Sometimes all you need to change the course of your life is someone giving you a nudge in a different direction.
For best-selling author Victoria Lee, that moment came when she was in graduate school, earning a doctorate in psychology to complement her bachelor’s and master’s degrees in the same subject.
Victoria, tall, dark and movie-star pretty, had been writing her entire life, usually penning a novel a year.
But not once did she try to get anything published.
“I didn’t think they were good enough,” she says. “But I met another psychologist at a meeting, and he said, ‘Why don’t you edit them – why do they have to be perfect?’”
That suggestion from a stranger, which, incidentally, sounds like plot line in a novel, prompted Victoria to turn her fiction into fact: She entered a contest, which promised editing help and publishing leads, and created her sound-bite pen name.
To her great surprise, she won.
One thing led to another, and Victoria got an agent and a book deal.
Her first novel, in the young-adult genre, came out in 2019.
The Fever King was followed in quick succession by a sequel, The Electric Heir, and by A Lesson in Vengeance.
Her latest book, A Shot in the Dark, is coming out next month.
It, her first adult novel, gives a starring role to Astoria, where she, her partner, her jump-up-on-you friendly 8-year-old border collie, Aska, and her 6-year-old Halloween-black rescue cat, Squid, moved in 2021 after living for a year in Manhattan.
(Her tow-headed baby boy joined the cast of characters nine months ago.)
But we’re getting far ahead of her story.
Let’s backtrack to Durham, North Carolina, where Victoria, the older of two girls, grew up, and where she wrote her first novel.
At age 8.
“At that time, I also wrote short stories and kept a daily diary,” she says. “I also won some writing contests in elementary school. I wanted to be a doctor.”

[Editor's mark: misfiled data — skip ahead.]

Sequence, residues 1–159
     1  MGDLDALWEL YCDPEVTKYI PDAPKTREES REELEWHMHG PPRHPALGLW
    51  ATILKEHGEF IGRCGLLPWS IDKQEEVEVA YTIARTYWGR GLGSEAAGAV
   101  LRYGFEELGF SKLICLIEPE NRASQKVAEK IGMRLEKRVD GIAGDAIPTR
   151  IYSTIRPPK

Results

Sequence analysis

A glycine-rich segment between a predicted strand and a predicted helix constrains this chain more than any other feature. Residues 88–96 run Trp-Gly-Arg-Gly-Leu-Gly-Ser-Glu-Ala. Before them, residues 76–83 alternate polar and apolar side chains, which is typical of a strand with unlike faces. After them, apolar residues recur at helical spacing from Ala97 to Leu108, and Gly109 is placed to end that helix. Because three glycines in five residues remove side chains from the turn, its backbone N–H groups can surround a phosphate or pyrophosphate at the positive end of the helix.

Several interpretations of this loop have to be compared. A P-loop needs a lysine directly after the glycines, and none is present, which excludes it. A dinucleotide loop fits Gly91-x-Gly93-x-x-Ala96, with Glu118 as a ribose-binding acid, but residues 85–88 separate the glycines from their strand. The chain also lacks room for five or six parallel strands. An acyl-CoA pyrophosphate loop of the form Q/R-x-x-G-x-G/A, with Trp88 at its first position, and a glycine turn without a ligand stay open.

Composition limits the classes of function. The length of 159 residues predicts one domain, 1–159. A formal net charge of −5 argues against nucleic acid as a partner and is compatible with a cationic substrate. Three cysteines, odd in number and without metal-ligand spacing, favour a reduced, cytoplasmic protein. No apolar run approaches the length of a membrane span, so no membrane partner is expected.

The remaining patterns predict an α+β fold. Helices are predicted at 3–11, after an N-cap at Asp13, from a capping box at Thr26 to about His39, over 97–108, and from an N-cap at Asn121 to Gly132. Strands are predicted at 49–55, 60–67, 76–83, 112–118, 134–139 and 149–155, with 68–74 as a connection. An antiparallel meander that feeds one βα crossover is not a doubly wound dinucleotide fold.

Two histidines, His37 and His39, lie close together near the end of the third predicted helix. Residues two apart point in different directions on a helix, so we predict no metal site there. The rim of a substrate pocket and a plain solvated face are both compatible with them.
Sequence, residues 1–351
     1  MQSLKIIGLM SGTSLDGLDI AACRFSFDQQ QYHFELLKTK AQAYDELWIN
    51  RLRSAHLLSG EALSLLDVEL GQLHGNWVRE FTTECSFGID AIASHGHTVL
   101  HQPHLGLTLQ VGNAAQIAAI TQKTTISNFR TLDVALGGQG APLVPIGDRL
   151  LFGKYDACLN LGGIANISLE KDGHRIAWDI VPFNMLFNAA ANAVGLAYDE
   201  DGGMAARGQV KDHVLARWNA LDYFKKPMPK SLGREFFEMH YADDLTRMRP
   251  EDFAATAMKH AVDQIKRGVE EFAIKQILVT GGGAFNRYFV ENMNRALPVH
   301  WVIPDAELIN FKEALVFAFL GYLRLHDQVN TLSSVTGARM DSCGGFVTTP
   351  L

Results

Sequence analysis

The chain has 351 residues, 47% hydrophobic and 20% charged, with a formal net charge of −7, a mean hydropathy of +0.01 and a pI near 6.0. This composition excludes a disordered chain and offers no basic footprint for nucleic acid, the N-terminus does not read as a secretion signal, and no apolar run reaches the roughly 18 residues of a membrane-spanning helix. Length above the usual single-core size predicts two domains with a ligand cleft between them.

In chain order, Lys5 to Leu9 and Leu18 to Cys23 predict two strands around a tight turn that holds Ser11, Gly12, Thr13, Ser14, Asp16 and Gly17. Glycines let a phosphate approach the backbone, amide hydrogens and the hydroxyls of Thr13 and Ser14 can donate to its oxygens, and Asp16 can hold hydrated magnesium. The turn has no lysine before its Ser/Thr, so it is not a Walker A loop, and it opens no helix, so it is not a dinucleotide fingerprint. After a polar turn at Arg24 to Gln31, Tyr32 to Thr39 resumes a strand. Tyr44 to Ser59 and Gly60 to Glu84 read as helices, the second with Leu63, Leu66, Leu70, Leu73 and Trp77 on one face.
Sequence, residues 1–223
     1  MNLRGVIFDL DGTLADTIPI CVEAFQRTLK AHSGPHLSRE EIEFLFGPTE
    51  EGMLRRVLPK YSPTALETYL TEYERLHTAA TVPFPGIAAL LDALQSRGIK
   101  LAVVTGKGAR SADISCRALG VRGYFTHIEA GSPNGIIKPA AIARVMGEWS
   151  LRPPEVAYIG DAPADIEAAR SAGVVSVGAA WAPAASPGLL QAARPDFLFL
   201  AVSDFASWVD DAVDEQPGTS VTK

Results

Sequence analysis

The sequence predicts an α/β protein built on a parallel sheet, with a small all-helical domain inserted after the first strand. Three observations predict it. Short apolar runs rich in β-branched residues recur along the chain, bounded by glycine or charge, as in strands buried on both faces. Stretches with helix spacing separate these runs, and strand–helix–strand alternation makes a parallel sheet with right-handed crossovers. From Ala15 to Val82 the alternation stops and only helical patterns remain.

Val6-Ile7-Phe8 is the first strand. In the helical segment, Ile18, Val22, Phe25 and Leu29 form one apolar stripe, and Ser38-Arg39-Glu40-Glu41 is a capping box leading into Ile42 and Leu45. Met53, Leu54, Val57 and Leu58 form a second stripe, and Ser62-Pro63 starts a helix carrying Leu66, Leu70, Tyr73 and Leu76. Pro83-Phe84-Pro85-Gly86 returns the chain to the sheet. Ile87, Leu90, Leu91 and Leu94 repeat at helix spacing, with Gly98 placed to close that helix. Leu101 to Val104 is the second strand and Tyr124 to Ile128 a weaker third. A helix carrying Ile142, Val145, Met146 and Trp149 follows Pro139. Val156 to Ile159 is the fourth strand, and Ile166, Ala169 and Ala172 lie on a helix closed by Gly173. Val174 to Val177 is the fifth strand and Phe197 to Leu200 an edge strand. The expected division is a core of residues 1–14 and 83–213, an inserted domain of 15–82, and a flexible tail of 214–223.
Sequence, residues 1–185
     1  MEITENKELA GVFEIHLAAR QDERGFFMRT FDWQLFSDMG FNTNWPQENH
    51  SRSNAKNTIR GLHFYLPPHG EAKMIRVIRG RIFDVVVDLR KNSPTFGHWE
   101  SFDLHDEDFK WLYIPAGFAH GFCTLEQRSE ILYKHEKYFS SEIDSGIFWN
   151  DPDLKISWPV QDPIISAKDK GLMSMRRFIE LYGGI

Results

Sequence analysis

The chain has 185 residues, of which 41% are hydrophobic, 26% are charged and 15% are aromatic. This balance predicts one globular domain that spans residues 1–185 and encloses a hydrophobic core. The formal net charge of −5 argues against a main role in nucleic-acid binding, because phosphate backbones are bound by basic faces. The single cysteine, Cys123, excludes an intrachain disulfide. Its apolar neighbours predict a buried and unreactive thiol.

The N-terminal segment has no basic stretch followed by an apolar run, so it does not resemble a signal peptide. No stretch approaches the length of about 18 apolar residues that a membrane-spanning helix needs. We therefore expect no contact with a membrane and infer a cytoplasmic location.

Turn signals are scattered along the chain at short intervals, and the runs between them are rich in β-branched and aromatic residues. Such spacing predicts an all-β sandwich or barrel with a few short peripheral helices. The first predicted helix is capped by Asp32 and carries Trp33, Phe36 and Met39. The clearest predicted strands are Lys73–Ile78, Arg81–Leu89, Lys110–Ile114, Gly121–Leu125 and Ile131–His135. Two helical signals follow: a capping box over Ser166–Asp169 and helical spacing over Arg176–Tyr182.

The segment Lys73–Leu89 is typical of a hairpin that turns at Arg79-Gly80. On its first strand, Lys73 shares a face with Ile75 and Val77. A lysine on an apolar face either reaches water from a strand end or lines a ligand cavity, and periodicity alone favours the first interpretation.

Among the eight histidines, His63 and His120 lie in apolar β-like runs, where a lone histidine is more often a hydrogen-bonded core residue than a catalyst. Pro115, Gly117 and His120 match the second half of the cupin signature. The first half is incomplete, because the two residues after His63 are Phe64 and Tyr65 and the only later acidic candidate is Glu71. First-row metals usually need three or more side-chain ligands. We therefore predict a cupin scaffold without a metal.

By the time she was in college, Victoria had written thousands and thousands of words, sticking to her strict schedule of one novel a year.
But they were for her big blue-grey eyes only.
Or at least that was the plan until that psychologist set her straight.
After she finished her doctorate, Victoria came to New York City for her post-doc work.
She quit her full-time job while she was pregnant to pursue writing.
“I had two book contracts, and it became too much,” she says, while holding her crying son as Aska and Squid romp in the living room. “I had to choose – I always knew it would be writing.”
These days, she writes three times a week when her son is in day care, sometimes working at Queen’s Room on Ditmars Boulevard or Kinship Coffee on Steinway Street.
A former competitive pianist, Victoria gets her ideas from music.
“I listen to the same song over and over then let it simmer for as long as one to two years before it coalesces into something more concrete,” she says.
She maps out a plot outline that advances in 20,000-word increments.
“I become so obsessed that I can’t stop thinking about it,” she says. “I write chronologically because I don’t know what will happen next.”
Although her work clearly is fiction – her latest protagonist, Elisheva Cohen, comes to New York to pursue a career in photography and has a one-night stand with, it turns out to their mutual horror, the reclusive famous artist who is teaching her class.
“There’s a little bit of me in every book,” Victoria says. “Of all of my characters, though, Elisheva is the most like me. She’s anxious, she’s ambitious but insecure.”
Like Victoria, she lives in Astoria, a neighborhood Victoria chose because “I love it, and it’s something I’m familiar with.”
It’s more than likely, she adds, that Astoria will be referenced in future works.
In the coming years, Victoria is committed to writing more books, in blocks of 20,000 words at a time.
Right now, she’s working on the young-adult novel The Girl That Time Forgot.
But unlike the characters she creates, Victoria’s not sure which direction her own story will go or how it will end.
“Writing is my plan for now,” she says as she quiets her son and plays with Aska and Squid. “But the door never quite closes. I still love psychology, and I still keep up with it.”
Copyright 2023 by Nancy A. Ruhling